Using the 36 examples in the Combination of Syncopation and Rolls book by Ted Reed, I did some analysis using the Drumming Patterns (DP) book concepts. I started by changing strokes to R and rests to L. Then, the examples were converted into patterns. The hope is to get a better understanding of patterns.

The Drumming Patterns thread is here:

The DP main patterns don't include consecutive triple and higher strokes. These are supposedly handled elsewhere per prior thread. So, let's start off with the patterns with doubles and lower, and handle the others later.

The Syncopation examples with two or fewer consecutive Rs or Ls are here (matching DP pattern references in parenthesis with "iteration" offset in bold):

1.

2.

3.

10.

11.

14.

16.

20.

21.

22.

27.

31.

32.

33.

35.

36.

So, these 16 match a Drumming Patterns pattern or are an "iteration" of that pattern, meaning the starting point is offset. More information on "iterations" is in the book. Patterns and their Iterations is a large portion of the beginning chapter.

For instance, #1 RRLRRLRL is from 8E. 8E is listed as L+R+L+RR+L+RR or LRLRRLRR. If we start from the 4th digit (highlighted), LRL

So, the DP book is supposed to have found patterns in use (those that are useful) and has documented them in the book. In this case, the Reed book patterns (2 or fewer consecutive Rs or Ls) are actually found there.

So, trying the DP patterns and using the iterations listed can potentially be useful for finding desirable rhythmic patterns. There are Youtube videos of specific R/L patterns. The DP book has a whole lot of them.

For the others with consecutive 3+ digits, I have other thoughts and will post them shortly.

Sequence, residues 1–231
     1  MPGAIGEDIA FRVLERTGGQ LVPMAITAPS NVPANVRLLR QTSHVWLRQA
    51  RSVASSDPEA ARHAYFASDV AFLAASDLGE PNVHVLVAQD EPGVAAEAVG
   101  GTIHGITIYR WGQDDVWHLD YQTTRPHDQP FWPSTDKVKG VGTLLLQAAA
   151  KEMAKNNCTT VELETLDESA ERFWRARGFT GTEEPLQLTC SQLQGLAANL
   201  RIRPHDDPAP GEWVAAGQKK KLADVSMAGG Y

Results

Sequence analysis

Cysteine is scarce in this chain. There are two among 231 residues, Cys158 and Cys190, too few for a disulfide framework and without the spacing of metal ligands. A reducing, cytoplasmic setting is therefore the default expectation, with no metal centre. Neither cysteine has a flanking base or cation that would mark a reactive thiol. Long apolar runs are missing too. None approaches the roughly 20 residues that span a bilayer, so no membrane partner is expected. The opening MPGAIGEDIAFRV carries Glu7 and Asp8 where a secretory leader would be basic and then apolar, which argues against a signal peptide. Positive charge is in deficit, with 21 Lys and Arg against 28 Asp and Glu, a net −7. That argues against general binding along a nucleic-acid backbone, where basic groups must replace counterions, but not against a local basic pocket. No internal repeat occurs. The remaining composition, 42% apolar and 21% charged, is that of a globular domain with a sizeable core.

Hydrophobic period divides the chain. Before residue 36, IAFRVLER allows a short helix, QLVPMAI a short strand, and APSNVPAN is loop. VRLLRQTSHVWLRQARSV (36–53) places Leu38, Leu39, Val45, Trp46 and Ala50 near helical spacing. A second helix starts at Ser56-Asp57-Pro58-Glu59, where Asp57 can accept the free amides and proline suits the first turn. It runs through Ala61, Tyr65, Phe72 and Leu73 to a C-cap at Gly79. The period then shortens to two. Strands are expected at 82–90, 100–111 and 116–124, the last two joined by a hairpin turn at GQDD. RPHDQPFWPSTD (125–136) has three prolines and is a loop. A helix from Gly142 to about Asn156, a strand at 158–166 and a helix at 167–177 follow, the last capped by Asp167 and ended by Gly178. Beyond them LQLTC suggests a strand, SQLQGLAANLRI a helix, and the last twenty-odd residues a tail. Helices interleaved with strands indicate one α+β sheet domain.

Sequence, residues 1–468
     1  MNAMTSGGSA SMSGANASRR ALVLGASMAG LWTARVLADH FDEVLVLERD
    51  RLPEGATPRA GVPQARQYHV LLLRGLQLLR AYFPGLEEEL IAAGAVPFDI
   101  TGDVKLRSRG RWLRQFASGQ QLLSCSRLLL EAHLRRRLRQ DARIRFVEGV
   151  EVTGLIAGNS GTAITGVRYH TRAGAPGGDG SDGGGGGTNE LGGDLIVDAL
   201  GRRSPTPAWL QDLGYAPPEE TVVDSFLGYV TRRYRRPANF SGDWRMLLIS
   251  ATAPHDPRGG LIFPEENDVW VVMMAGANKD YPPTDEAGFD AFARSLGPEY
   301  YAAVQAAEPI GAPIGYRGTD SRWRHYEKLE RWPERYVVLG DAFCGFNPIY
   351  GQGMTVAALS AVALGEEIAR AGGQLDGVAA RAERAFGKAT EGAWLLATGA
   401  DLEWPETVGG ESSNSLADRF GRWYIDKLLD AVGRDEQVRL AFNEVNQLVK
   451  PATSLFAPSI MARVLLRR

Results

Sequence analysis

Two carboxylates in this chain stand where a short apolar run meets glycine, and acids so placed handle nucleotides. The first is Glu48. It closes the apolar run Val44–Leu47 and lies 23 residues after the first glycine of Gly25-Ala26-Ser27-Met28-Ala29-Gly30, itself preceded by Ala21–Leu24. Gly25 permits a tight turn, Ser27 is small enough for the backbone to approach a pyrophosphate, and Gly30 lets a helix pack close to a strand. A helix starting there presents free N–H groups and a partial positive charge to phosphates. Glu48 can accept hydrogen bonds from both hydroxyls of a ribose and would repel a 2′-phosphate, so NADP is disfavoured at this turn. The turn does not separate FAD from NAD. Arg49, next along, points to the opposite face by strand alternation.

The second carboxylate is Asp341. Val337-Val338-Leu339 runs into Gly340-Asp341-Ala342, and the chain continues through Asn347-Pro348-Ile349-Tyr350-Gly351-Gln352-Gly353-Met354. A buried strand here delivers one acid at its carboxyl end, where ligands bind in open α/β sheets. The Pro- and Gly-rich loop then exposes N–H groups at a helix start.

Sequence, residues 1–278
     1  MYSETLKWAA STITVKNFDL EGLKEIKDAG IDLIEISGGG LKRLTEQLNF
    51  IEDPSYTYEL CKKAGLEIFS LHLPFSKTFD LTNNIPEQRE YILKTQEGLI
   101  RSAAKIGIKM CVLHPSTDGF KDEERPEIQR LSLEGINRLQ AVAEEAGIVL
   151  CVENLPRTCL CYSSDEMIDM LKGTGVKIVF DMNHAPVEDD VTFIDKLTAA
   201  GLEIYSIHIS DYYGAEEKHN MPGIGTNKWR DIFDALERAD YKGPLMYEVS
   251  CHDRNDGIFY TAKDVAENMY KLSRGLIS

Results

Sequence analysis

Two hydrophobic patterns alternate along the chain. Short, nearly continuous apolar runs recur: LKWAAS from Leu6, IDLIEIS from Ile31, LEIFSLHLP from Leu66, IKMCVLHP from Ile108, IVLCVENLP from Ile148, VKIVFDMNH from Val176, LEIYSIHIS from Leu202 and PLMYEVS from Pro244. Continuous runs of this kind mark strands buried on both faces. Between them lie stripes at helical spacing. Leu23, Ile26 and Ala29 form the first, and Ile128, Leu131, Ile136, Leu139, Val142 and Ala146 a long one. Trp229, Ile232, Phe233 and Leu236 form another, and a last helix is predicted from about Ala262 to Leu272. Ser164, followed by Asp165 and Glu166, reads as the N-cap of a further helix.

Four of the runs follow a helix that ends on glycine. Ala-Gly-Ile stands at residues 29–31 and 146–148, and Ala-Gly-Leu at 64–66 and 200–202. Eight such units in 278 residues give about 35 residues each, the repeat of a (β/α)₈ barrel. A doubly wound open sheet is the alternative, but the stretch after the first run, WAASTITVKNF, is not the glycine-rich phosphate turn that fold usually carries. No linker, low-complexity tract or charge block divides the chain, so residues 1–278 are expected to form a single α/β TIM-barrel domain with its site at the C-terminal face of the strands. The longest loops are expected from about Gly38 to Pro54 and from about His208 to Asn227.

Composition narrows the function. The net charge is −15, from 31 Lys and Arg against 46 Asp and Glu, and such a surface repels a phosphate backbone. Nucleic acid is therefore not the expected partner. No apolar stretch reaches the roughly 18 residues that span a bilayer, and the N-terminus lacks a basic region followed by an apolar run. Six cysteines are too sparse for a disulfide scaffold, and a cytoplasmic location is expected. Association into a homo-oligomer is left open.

The Drumming Patterns thread is here:

### Drumming Patterns: The Components of Rhythm & Technique

Hi All, While searching for systems to use with syncopation, this title popped up. Cant seem to find any reviews anywhere on it and thought you guys maybe able to help? Steve B

www.drummerworld.com

The DP main patterns don't include consecutive triple and higher strokes. These are supposedly handled elsewhere per prior thread. So, let's start off with the patterns with doubles and lower, and handle the others later.

The Syncopation examples with two or fewer consecutive Rs or Ls are here (matching DP pattern references in parenthesis with "iteration" offset in bold):

1.

**R**RLRRLRL (8E, LRL**R**RLRR)2.

**R**LRRLRRL (8E, L**R**LRRLRR)3.

**R**LRLRRLR (8E, LRLRRLR**R**)10.

**L**RLRRLRL (8A, RLRRLRL**L**) [8A is a paradiddle]11.

**R**LRLLRLR (8A, RLR**R**LRLL)14.

**L**RLRRLRR (8E,**L**RLRRLRR)16.

**L**RRLRRLR (8E, LR**L**RRLRR)20.

**R**RLRLLRL (8A, RL**R**RLRLL)21.

**R**RLRLRRL (8E, LRLRRL**R**R)22.

**R**LRRLRLR (8E, LRLR**R**LRR)27.

**L**RLRLRRL (8B, RLRLRRL**L**)31.

**R**LLRLRLR (8B, RLRLR**R**LL)32.

**L**RLRRLLR (8B, R**L**RLRRLL)33.

**R**LLRLRLL (8D, RLRLL**R**LL)35.

**R**LRRLRLL (8A,**R**LRRLRLL)36.

**L**RLRLLRR (8C,**L**RLRLLRR)So, these 16 match a Drumming Patterns pattern or are an "iteration" of that pattern, meaning the starting point is offset. More information on "iterations" is in the book. Patterns and their Iterations is a large portion of the beginning chapter.

For instance, #1 RRLRRLRL is from 8E. 8E is listed as L+R+L+RR+L+RR or LRLRRLRR. If we start from the 4th digit (highlighted), LRL

**R**RLRR becomes**R**RLRRLRL, which is Reed book example #1.So, the DP book is supposed to have found patterns in use (those that are useful) and has documented them in the book. In this case, the Reed book patterns (2 or fewer consecutive Rs or Ls) are actually found there.

So, trying the DP patterns and using the iterations listed can potentially be useful for finding desirable rhythmic patterns. There are Youtube videos of specific R/L patterns. The DP book has a whole lot of them.

For the others with consecutive 3+ digits, I have other thoughts and will post them shortly.

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